What are some leakages and injections into the circular flow model?

In the circular flow model, injections into the economy include investment, government purchases, and exports while leakages include savings, taxes, and imports.

So, what are injections and leakages?

Leakages reduce the flow of income. Injection means introduction of income into the flow. When households and firms borrow the savings, they constitute injections. Injections increase the flow of income.

What are leakages in the circular flow of income?

The model is best viewed as a circular flow between national income, output, consumption, and factor payments. Savings, taxes, and imports are “leaked” out of the main flow, reducing the money available in the rest of the economy.

What is the circular flow of income?

The circular flow of income is a neoclassical economic model depicting how money flows through the economy. In its simplest version, the economy is modeled as consisting only of households and firms. Money flows to workers in the form of wages, and money flows back to firms in exchange for products.

What is the factor market?

A factor market is a marketplace for the services of a factor of production. A factor market facilitates the purchase and sale of services of factors of production, which are inputs like labor, capital, land and raw materials that are used by a firm to make a finished product.

What is the Keynesian economic theory?

Keynesian economics was developed by the British economist John Maynard Keynes during the 1930s in an attempt to understand the Great Depression. Keynes advocated increased government expenditures and lower taxes to stimulate demand and pull the global economy out of the depression.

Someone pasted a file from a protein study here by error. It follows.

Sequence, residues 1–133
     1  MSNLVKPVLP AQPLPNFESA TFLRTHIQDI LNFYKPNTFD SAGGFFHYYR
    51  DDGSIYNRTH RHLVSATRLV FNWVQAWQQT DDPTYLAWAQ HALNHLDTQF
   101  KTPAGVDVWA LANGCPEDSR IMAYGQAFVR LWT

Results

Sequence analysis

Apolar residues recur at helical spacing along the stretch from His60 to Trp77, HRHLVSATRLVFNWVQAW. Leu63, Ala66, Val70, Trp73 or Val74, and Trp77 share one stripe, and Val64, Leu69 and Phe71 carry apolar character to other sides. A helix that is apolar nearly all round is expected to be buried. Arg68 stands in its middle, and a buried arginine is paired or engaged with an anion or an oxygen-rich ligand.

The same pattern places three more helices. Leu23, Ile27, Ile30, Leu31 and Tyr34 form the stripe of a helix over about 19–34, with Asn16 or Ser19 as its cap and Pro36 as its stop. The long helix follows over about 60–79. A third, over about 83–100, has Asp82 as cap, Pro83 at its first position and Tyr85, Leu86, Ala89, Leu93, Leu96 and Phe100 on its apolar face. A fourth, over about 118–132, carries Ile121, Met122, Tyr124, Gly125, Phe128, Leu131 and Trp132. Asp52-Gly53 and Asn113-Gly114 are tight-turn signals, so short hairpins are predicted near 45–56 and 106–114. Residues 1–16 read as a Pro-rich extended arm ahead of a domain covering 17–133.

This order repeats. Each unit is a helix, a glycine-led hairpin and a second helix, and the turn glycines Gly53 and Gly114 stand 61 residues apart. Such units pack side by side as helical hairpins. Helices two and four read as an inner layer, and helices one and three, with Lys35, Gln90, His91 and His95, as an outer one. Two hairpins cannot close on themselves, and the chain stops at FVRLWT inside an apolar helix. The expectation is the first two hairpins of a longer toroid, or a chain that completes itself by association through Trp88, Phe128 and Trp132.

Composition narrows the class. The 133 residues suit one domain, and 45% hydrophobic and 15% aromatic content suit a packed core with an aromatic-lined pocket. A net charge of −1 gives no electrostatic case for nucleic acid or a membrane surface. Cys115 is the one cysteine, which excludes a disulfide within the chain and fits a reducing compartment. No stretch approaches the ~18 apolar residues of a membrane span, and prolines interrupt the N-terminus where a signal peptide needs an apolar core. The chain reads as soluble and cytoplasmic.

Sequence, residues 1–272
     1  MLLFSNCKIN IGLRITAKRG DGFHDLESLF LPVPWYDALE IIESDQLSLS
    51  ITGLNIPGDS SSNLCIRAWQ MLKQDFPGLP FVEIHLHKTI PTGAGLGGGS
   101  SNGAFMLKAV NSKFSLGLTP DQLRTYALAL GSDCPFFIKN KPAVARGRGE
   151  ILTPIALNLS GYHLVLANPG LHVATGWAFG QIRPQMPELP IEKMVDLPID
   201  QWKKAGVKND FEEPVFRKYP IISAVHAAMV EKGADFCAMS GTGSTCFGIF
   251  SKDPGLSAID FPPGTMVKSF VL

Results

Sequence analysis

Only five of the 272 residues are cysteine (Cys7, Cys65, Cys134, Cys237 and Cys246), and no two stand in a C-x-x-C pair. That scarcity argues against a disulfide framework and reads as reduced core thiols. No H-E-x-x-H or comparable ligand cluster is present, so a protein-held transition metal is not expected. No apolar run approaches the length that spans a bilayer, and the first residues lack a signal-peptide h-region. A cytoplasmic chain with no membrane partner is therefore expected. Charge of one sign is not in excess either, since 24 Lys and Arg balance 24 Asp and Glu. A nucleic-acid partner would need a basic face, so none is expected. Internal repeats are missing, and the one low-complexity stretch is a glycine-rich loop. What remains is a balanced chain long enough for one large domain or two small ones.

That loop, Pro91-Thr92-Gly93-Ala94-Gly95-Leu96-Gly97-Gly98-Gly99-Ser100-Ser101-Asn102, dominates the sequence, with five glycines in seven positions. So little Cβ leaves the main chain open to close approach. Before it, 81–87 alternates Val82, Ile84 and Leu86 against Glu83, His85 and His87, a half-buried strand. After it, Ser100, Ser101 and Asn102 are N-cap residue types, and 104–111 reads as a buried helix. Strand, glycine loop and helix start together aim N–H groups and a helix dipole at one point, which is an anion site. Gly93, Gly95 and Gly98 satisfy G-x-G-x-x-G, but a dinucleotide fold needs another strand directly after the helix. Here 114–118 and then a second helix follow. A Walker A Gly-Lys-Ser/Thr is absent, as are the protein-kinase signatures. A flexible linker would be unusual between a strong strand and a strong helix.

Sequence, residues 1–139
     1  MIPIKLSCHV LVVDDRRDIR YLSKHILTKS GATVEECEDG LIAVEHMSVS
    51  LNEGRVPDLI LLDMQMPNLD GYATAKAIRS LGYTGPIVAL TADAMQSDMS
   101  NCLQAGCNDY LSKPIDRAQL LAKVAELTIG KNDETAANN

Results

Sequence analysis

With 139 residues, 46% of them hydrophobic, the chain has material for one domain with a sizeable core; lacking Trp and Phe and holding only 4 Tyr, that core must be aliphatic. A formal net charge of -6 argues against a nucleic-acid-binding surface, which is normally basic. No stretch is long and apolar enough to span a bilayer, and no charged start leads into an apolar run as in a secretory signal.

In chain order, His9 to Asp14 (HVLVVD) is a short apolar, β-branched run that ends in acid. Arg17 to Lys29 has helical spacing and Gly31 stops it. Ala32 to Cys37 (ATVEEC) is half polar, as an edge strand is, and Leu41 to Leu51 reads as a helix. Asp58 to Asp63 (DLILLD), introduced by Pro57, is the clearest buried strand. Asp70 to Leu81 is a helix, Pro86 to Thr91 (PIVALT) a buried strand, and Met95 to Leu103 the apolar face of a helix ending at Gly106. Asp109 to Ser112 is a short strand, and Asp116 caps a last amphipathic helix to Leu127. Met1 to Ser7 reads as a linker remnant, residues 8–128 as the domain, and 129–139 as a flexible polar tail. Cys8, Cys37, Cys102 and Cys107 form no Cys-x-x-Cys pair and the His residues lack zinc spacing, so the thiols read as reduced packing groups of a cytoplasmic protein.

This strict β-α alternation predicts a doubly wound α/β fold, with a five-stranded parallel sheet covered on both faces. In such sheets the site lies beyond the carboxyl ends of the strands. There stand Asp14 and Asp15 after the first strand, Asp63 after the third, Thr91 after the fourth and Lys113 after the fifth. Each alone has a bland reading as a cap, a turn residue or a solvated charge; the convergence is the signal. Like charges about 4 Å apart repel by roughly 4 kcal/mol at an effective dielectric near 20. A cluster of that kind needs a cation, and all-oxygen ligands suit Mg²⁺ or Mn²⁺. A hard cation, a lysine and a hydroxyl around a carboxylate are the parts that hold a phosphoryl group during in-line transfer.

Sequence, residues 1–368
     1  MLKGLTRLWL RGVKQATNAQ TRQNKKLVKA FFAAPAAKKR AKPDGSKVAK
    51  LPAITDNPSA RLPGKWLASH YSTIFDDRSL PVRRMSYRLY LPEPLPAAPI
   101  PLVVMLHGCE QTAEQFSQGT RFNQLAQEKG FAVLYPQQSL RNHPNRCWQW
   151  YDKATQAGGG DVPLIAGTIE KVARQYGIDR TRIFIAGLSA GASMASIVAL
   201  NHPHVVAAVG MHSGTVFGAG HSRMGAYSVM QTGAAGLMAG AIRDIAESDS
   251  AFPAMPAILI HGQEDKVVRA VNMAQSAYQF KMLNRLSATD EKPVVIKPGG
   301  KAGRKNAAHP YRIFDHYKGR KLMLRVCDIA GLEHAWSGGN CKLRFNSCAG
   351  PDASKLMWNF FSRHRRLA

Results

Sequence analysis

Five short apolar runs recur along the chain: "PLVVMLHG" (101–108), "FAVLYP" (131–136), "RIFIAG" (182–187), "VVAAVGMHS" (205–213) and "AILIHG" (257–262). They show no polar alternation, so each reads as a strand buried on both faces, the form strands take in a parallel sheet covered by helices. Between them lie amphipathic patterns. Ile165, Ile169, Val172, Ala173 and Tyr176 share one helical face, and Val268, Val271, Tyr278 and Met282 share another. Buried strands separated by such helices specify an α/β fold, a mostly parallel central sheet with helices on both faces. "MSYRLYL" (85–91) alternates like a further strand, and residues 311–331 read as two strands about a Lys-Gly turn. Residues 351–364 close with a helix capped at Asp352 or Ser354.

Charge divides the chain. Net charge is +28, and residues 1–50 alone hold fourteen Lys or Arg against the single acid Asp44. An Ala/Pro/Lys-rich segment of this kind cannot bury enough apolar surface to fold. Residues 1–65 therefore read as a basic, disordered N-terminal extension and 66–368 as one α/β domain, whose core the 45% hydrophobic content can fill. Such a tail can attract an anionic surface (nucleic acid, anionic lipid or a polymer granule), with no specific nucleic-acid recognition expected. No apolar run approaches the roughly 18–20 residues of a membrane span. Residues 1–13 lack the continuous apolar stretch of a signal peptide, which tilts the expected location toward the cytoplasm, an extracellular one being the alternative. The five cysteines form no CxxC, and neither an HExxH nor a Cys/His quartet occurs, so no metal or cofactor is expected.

What is the Keynesian zone?

The short-run aggregate supply, or SRAS, curve can be divided into three zones—the Keynesian zone, the neoclassical zone, and the intermediate zone. Keynes’ Law states that demand creates its own supply; changes in aggregate demand cause changes in real GDP and employment.

What is Say’s law and what does it mean?

Say’s law did not posit that (as per the Keynesian formulation) “supply creates its own demand”. Nor was it based on the idea that everything that is saved will be exchanged. Rather, Say sought to refute the idea that production and employment were limited by low consumption.

What are the economic reasons why the AD curve slopes down?

The wealth effect, therefore, provides one reason for the inverse relationship between the price level and real GDP that is reflected in the downward-sloping demand curve. A second reason is the interest rate effect. As the price level rises, households and firms require more money to handle their transactions.

What would cause the AD curve to shift to the right?

The aggregate demand curve shifts to the right as a result of monetary expansion. In an economy, when the nominal money stock in increased, it leads to higher real money stock at each level of prices. The interest rates decrease which causes the public to hold higher real balances.

What is the IS curve?

The investment/saving (IS) curve is a variation of the income-expenditure model incorporating market interest rates (demand), while the liquidity preference/money supply equilibrium (LM) curve represents the amount of money available for investing (supply).

What causes a shift in the IS curve?

An increase in autonomous money demand will shift the LM curve left, with higher interest rates at each Y; a decrease will shift it right, with lower interest rates at each Y. The IS curve, by contrast, shifts whenever an autonomous (unrelated to Y or i) change occurs in C, I, G, T, or NX.